The only way that you could say that "White Power" = "Black Power" is if you compare the position held by the majority of people in the "White Power" movement and compare it with the extremists in the "Black Power" movement.

POSITIONS OF THE MOVEMENTS
The White Power movement is almost entirely embedded within the framework of White Supremacy, in which the goal is to attain White superiority over all other races. Depending on where and when you are talking about "White Power" in the US, this definition of "Whiteness" excluded several White races that weren't/aren't White "enough," since the definition of "White" (until relatively recently in the US) revolved around WASP-ishness. Therefore, if you were Catholic, you weren't "White." If you were Irish, you weren't "White." If you were Russian, you weren't "White." If you were German, you might have been "White" (so long as you weren't a Catholic German). And if you were/are Jewish, you weren't/aren't "White."

The Black Power movement formed around the goal of attaining equality for Blacks within society, with some groups advocating for a more militant approach. However, only a minority within the Black Power movement advocates for extending the mission of social equality to that of social dominance.

So, to recap:
White Power
Black Power
White dominance over other races
Social equality for Blacks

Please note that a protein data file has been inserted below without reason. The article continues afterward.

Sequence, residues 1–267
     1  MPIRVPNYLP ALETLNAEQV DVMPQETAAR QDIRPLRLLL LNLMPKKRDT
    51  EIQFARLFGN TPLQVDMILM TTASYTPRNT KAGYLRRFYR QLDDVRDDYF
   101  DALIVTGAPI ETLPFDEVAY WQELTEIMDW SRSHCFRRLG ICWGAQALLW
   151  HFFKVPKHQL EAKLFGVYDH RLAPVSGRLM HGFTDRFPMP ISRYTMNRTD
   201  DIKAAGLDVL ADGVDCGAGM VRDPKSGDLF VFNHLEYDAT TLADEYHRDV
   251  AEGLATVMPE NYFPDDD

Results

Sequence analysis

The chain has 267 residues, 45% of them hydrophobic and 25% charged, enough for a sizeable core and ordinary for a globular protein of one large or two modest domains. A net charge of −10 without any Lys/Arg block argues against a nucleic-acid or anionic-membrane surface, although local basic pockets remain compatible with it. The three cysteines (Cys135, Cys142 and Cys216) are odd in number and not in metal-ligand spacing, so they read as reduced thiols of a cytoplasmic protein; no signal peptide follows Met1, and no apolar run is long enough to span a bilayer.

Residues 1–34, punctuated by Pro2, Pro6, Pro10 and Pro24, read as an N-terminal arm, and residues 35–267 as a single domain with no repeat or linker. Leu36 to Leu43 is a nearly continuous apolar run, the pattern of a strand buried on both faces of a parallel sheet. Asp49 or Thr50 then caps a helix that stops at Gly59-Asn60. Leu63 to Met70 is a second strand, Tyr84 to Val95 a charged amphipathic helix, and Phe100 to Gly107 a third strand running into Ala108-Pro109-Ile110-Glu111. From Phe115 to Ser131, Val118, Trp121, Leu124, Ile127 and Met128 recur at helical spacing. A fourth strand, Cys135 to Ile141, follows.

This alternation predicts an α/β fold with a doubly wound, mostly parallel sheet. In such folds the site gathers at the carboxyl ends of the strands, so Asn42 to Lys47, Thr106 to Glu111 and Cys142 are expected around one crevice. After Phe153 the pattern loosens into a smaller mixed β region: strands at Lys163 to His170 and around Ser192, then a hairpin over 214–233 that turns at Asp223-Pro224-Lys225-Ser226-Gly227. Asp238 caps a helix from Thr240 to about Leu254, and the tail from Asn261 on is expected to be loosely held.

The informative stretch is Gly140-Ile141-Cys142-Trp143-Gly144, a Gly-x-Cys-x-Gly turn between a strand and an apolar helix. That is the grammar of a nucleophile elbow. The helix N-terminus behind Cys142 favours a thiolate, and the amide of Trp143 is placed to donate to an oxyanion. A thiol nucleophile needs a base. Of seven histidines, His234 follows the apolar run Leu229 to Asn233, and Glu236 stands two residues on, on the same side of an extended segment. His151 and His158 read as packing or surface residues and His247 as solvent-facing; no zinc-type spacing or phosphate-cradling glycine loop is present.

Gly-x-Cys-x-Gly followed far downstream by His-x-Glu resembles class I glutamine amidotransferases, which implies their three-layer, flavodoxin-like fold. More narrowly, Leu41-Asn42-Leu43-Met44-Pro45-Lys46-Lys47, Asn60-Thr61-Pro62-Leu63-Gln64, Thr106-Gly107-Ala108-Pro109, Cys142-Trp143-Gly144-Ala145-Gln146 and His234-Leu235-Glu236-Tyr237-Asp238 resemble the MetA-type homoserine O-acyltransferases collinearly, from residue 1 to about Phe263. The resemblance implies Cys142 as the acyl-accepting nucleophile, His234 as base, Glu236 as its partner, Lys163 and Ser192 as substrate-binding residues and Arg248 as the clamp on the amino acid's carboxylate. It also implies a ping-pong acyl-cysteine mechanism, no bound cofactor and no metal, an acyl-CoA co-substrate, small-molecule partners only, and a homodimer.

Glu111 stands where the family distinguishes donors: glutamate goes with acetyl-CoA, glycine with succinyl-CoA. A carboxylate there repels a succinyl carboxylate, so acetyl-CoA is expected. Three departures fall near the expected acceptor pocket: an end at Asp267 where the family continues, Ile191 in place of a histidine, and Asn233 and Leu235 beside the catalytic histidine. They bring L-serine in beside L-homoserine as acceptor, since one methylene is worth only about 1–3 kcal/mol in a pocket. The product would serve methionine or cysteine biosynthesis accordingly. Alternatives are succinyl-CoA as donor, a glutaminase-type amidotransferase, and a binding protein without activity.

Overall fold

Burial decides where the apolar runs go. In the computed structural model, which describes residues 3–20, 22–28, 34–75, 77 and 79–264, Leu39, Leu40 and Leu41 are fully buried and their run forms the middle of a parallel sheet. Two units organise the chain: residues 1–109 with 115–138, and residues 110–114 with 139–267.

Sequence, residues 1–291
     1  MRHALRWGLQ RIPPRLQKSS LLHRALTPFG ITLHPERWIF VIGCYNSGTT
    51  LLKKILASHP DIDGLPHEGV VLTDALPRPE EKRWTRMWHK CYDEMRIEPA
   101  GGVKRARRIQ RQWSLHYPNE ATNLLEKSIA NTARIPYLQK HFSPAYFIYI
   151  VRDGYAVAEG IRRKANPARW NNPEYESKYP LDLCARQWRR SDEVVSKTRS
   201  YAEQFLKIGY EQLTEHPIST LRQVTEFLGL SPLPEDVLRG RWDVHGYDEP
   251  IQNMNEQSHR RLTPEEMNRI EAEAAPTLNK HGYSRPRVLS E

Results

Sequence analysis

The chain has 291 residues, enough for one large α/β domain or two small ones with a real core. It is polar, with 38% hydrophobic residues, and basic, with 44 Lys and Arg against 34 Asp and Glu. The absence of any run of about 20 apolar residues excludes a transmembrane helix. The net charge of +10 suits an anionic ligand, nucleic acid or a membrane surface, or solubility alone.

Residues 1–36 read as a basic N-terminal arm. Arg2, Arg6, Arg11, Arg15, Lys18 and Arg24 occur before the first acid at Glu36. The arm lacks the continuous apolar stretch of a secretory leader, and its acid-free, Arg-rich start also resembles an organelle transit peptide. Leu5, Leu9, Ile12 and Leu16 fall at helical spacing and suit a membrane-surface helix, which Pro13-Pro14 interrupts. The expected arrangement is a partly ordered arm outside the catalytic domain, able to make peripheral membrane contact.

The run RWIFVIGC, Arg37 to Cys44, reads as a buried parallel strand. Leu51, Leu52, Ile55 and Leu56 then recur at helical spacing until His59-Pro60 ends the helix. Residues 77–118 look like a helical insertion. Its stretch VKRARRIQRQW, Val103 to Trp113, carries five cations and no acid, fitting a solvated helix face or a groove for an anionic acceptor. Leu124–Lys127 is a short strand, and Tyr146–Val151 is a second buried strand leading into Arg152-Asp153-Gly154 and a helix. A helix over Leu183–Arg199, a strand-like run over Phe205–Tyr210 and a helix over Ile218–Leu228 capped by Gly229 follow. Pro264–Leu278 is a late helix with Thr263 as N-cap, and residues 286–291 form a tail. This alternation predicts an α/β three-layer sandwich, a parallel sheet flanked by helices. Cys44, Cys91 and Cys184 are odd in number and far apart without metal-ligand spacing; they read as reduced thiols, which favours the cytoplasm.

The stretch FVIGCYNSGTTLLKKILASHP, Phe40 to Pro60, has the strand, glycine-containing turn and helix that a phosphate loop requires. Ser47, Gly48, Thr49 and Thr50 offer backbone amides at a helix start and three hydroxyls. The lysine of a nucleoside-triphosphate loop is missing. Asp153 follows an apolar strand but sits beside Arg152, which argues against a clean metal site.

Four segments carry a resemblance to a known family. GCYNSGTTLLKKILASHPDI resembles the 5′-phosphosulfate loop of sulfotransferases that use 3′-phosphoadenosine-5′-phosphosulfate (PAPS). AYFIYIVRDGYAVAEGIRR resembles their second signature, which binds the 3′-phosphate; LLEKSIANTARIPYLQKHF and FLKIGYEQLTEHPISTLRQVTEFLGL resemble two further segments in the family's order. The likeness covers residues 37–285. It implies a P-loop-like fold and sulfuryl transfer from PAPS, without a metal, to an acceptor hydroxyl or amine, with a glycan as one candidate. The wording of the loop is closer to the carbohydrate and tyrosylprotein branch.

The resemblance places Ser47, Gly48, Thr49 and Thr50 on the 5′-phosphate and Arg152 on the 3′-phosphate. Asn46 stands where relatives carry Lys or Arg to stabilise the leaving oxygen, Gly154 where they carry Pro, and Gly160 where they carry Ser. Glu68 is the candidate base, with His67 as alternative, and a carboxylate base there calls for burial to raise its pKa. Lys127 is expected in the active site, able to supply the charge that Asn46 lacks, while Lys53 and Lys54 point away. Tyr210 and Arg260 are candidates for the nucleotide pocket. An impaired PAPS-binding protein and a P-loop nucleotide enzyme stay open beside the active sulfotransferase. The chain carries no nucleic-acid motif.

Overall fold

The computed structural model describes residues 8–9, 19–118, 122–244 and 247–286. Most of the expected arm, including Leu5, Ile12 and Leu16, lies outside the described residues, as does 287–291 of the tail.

Strong connections with white supremacist groups, like Neo-Nazis and KKK
Connections with Civil Rights Movement

SIMILAR-LOOKING SALUTES?
One thing that you see in the image, is that the similarity of the hand gestures only accentuates the extremely naive parallelism that the words seek to engender. The people in the top-left panel are each raising their straightened right arms and yelling, and the people in the top-right panel are each raising their straightened right arms and yelling. So it seems that there is a parallel here, as well.

But again, to think that these two gestures are direct parallels is - again - to fall into the trap of pattern-seeking that the human mind is so good at doing, and can only be overridden by knowledge. The White Power movement has strong support from Neo-Nazi groups, which use the Nazi salute as a symbol of their group allegiance. Neo-Nazis are not - as a general rule - in favor of equal rights for non-Whites, which is why they tend to support the White Power movement in the US, and the use of a Nazi salute by supporters of White Power seeks to evoke the nature of superiorty of the White race over the others.